ex·​pe·​dite | \ ˈek-spə-ˌdīt How to pronounce expedite (audio) \
expedited; expediting

Definition of expedite

transitive verb

1 : to accelerate the process or progress of : speed up
2 : to execute promptly

Did you know?

If you're really intent on expediting something, you jump in with both feet—or place a single foot where it will be most effective! And when you do, you're drawing on the etymology of expedite itself. The word comes from the Latin verb expedire ("to extricate, prepare, be useful"), a word that traces back to the root ped- or pes, meaning "foot." Expedite has been used in English since at least the 15th century.

Examples of expedite in a Sentence

During the fire season they wear a semblance of uniform intended to expedite the rush when the siren howls … — Tom Harpole, Air & Space, August/September 1993 Overnight he found himself coordinating the train and ship schedules and expediting the loading and unloading of 15,000 officers and men … — Neil Sheehan, A Bright Shining Lie, 1988 This final phase was never actually completed because of the need to expedite an airmobile force to Vietnam. — Shelby L. Stanton, Anatomy of a Division, 1987 After the war its leaders were stigmatized as collaborators and accused of helping to expedite the murderous work of the Nazis. — Bernard Wasserstein, New York Times Book Review, 24 May 1987
Recent Examples on the Web The governor issued several directives last week, heralding them as efforts to expedite the process of cleaning drinking water and improving driving conditions. Dave Boucher, Detroit Free Press, 24 Nov. 2021 After all, Operation Warp Speed—the federal effort to expedite the development and delivery of the vaccine—was a Trump administration initiative. David French, Time, 8 June 2021 The bill, which is likely to be signed by President Joe Biden, would create a new position at the Justice Department to expedite review of potential Covid-19-related hate crimes and incidents reported at the federal, state or local level. Devan Cole, CNN, 20 May 2021 As one example, the memorandum also asks that staff be able to process outdoor dining permits via administrative approvals, in order to expedite the approval process. Steve Smith, Hartford Courant, 5 May 2022 In the past decade, taxpayers spent more than $880 million expanding the San Ysidro Port of Entry to 62 automobile lanes in an effort to expedite border crossings. Wendy Fry, San Diego Union-Tribune, 12 Apr. 2022 Just last week, the Select Board voted to temporarily delegate its promotional authority to Town Administrator Melvin Kleckner in order to expedite police promotions. BostonGlobe.com, 17 Jan. 2022 When the hearing concluded, Judge Charles Beaudrot ordered both sides to file all legal briefs and motions to him by Thursday, and promised to expedite his ruling. John Holland, Bloomberg.com, 22 Apr. 2022 That will coincide with the Biden administration’s new plans to expedite asylum claims at the border by allowing immigration officers to grant asylum instead of waiting for judges. NBC News, 31 Mar. 2022 See More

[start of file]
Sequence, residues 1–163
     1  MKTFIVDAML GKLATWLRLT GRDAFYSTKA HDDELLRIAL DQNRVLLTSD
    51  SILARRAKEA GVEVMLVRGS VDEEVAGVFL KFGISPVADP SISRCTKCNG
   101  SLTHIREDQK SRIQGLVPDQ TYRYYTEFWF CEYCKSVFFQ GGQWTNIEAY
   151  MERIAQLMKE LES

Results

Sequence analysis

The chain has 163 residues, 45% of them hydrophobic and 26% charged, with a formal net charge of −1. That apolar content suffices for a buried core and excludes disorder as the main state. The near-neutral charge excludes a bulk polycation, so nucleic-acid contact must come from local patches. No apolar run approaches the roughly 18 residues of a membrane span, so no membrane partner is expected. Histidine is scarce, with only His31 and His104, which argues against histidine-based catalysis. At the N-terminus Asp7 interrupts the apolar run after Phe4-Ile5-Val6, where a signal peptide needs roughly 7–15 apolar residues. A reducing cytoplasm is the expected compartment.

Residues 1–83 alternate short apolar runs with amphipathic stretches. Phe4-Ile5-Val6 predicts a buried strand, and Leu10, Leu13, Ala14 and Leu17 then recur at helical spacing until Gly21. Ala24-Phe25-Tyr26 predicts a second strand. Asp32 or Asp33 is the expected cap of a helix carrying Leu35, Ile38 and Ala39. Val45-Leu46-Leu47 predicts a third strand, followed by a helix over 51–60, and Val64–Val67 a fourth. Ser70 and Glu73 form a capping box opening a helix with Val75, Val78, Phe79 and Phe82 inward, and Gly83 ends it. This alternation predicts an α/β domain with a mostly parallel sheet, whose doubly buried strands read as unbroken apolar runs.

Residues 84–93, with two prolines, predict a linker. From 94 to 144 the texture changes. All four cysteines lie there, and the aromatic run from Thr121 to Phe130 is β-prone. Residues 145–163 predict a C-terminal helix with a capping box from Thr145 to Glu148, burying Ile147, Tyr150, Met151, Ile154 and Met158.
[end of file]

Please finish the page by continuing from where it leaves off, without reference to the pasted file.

These example sentences are selected automatically from various online news sources to reflect current usage of the word 'expedite.' Views expressed in the examples do not represent the opinion of Merriam-Webster or its editors. Send us feedback.

First Known Use of expedite

15th century, in the meaning defined at sense 2

History and Etymology for expedite

Latin expeditus, past participle of expedire — see expedient entry 1

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Time Traveler for expedite

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The first known use of expedite was in the 15th century

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Last Updated

23 May 2022

Cite this Entry

“Expedite.” Merriam-Webster.com Dictionary, Merriam-Webster, https://www.merriam-webster.com/dictionary/expedite. Accessed 28 May. 2022.

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